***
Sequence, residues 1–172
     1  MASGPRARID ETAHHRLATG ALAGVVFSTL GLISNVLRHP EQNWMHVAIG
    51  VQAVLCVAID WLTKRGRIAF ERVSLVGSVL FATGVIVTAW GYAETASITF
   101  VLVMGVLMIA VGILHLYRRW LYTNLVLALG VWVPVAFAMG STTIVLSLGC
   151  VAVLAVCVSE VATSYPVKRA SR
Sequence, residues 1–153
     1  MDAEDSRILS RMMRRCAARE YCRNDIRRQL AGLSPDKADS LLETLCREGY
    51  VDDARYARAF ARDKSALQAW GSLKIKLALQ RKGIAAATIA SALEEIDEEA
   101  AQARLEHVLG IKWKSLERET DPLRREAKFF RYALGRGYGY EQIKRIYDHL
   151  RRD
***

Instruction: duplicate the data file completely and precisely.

Sequence, residues 1–172
     1  MASGPRARID ETAHHRLATG ALAGVVFSTL GLISNVLRHP EQNWMHVAIG
    51  VQAVLCVAID WLTKRGRIAF ERVSLVGSVL FATGVIVTAW GYAETASITF
   101  VLVMGVLMIA VGILHLYRRW LYTNLVLALG VWVPVAFAMG STTIVLSLGC
   151  VAVLAVCVSE VATSYPVKRA SR
Sequence, residues 1–153
     1  MDAEDSRILS RMMRRCAARE YCRNDIRRQL AGLSPDKADS LLETLCREGY
    51  VDDARYARAF ARDKSALQAW GSLKIKLALQ RKGIAAATIA SALEEIDEEA
   101  AQARLEHVLG IKWKSLERET DPLRREAKFF RYALGRGYGY EQIKRIYDHL
   151  RRD